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Before it was time for my regular afternoon nap, I scrolled on Twitter to see a statement from Jason Fried, CEO/Co-Founder at Basecamp, about some of the changes that were being made. You can read the article here. As I begin to read through the announcement, I thought internal changes would have meant some changes to their products or team but what I read is something I never saw coming. There are many things I want to point out but let me focus on what sticks out the most. The first

As a Black professional, you need to weigh the job opportunity with the level of racism and discrimination you may encounter in a particular city or country. Have you ever been in a situation where you’ve been offered a great job, but you realize you’d have to move to a city with a largely racist population? Do you decide to go and suck it up as best possible, or do you decline the offer and stay where you are? This type of dilemma is common when you are a Black

As a Latina founder of a social impact company, raising VC money hasn’t exactly been easy. Especially in Chicago, where I’m based, the VC community, while close-knit and easily accessible, is small, homogenous, and focused on later-stage investments. On the startup side, of the 65 Chicago-based startups backed by Chicago-based venture capital funds, only 16 (about 25%) have a non-white founder, and only 15 (or 23%) have a female founder to Chicago Blend. From firsthand experience, the lack of access to early-stage capital compared to the coasts has an oversized impact on underrepresented

As of 2019, according to a report by the Nation Center of Women in Technology and Information Technology, Black women make up 3% of the computing jobs in the United States. While there are many aspects that come in to play, such as having the access and resources to learn or having a psychologically safe work environment to thrive in, a big factor can also be attributed to not having enough resources to feel that they can be successful as a Software Developer. Today we’ve put together a list of

Techish is back with a brand new episode! Abadesi and Michael discuss the Linklaters becoming the first magic circle firm to end hair discrimination for Black employees. Why are we still policing afro hairstyles in 2021? (0:53) They also break down: Threats to Clubhouse: LinkedIn and Spotify launching audio-only features (4:10) Are some entrepreneurs just scammers? (9:30) Like it or love it: Kim K joins the billionaires club (19:20) Twitter’s new community pages (29:37) Which tech stack should I use for my product? (32:25) Sponsors TasteMakers Africa is hiring! Check it out here Stash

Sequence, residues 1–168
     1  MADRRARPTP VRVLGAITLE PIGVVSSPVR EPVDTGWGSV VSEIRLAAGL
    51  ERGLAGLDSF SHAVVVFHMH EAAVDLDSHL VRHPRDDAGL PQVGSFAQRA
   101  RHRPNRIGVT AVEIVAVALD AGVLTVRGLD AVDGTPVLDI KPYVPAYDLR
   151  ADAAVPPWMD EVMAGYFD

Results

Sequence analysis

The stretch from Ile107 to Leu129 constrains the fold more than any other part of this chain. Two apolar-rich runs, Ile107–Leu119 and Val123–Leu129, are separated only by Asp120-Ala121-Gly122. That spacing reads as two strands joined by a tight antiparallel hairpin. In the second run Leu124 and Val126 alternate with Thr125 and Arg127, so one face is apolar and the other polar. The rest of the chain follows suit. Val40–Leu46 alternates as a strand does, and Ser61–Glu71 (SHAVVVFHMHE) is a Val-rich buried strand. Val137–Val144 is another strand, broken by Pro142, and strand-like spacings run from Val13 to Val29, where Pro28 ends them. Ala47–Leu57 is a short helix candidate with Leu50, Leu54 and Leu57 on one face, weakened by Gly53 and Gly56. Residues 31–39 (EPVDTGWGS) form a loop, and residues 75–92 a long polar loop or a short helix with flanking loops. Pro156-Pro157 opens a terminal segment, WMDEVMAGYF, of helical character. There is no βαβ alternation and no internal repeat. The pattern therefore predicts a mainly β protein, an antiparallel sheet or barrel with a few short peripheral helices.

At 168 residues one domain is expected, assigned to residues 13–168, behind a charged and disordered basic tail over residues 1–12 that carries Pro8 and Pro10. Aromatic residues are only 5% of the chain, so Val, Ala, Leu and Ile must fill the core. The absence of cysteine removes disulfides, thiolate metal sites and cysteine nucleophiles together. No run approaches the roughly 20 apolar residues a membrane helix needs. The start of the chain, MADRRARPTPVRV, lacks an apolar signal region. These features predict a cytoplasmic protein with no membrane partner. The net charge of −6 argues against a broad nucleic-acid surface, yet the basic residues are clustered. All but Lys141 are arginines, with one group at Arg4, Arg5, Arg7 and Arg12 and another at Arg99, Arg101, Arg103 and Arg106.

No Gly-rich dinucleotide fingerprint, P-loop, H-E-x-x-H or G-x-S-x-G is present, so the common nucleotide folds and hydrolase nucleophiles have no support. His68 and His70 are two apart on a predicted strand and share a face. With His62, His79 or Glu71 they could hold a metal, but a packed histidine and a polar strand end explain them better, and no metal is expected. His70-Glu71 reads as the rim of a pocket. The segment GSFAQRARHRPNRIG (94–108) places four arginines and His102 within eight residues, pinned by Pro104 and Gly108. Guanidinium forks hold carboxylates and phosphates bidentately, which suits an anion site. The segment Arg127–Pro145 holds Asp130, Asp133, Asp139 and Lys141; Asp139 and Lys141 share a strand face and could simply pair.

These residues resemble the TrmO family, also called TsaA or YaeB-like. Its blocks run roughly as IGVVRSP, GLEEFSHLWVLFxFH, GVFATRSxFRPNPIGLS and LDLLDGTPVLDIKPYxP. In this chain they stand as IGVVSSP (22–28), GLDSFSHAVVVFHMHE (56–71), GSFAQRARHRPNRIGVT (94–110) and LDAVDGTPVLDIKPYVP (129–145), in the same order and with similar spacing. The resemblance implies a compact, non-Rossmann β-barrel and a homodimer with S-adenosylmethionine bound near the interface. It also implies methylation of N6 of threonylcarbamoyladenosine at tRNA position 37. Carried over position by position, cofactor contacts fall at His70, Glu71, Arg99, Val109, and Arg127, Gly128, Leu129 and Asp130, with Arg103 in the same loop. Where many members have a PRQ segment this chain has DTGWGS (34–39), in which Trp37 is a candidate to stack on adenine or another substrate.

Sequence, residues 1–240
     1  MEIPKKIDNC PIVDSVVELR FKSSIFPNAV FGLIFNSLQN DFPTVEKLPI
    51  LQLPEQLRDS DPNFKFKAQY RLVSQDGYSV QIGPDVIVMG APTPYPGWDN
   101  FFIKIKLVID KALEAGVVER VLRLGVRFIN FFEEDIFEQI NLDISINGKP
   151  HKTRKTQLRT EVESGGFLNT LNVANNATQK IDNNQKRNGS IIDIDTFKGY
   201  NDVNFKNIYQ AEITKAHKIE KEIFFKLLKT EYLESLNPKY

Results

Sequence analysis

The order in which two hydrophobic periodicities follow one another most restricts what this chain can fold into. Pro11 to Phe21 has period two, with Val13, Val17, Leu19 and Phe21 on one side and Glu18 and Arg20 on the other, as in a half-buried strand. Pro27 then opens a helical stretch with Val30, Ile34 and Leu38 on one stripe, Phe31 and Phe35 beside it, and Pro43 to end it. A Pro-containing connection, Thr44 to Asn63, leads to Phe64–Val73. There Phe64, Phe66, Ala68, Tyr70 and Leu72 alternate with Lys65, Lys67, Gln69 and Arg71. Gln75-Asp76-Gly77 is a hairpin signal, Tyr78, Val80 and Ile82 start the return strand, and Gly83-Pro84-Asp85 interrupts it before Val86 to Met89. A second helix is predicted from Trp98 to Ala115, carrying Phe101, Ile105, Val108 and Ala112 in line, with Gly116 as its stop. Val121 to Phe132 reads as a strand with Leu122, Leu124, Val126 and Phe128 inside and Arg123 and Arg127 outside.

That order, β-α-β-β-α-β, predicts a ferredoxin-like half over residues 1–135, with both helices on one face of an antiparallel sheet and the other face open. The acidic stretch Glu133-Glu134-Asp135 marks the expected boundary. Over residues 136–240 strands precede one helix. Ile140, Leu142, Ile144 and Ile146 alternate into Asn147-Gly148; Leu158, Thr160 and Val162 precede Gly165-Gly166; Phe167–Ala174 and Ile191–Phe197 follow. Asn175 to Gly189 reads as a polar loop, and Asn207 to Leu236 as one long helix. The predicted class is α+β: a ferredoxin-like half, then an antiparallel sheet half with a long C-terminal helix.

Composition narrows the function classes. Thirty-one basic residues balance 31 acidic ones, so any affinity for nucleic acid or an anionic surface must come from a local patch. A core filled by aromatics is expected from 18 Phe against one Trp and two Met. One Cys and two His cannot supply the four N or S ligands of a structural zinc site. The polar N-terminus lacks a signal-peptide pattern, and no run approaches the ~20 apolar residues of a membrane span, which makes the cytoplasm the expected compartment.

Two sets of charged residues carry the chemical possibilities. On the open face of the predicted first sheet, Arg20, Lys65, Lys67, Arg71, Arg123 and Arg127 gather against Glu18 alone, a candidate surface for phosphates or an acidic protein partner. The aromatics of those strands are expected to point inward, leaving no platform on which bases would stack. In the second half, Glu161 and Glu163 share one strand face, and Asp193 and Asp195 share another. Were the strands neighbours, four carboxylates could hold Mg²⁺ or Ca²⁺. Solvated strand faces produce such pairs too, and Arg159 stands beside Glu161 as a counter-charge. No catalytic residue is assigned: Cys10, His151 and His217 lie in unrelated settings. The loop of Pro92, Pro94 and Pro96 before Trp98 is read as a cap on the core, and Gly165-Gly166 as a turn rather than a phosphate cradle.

The number of Latinx founders in the US is continuing to growing at a faster rate than any other demographic. Yet we’re all familiar with the drab stats: only 2.4% of total VC funding goes to Black and Latinx founders.  We’ve put together a list of some Latinx women founders who have broken through the ceiling: launching thriving and innovative companies developing new technology in software, medical, e-commerce and beyond.  Read how they’ve backed their ideas, raised funds and are changing the lives of many.  Ariel Lopez, Founder Knac The

Brandwatch is hiring on pocitjobs.com As a kid, Evelyn Castillo created surveys for fun. In sixth grade, she did one on whether students would be more effective taking tests if there was a clock in the room or not. She did another one on how different genders liked to react to different kinds of music.  Today, it comes as no surprise that she’s now an account director at Brandwatch, using her expertise in analytics and market research to help clients refine their processes relating to digital intelligence.  We had a

But how should Durham and the Triangle area of North Carolina respond? It sounds like fantastic news for the Triangle region of North Carolina. Google is coming, and to Durham in particular, home of a historic Black Wall Street, a Universal Basic Income pilot program and state of the art academic institutions and resources. The message from the Google & Alphabet group CEO Sundar Pichai in a blog post was of Google wishing to be a “part of” the economic recovery thru their $7 billion investment across the United States. His choice of words is

Black Entertainment Television (BET) was once crowned the US largest Black-owned cable channel and was a cultural staple across the Black community in the US. BET founded by entrepreneur Robert Johnson was launched in the 1980s. Johnson was inspired to create a Black-oriented network to tell unique Black stories. It was a cultural and financial success. He sold BET to Viacom for a reported $3 Billion losing its Black-owned status. Despite the sale, the significance of having Black stories and characters on TV made a huge impact. BET was so significant because

Two New York-based rap legends show up and show out in the venture capitalism space, making millions outside of music. Both hailing from New York from humble beginnings, the two legends weren’t particularly close while reaching mainstream success in the ’90s. It started with Dead Presidents II and ended in a tour. Their rap beef ignited the hip-hop community in New York City, around the world, and spawned several diss tracks that got pretty intense. They finally declared an end to this feud on stage with the ‘I Declare War”

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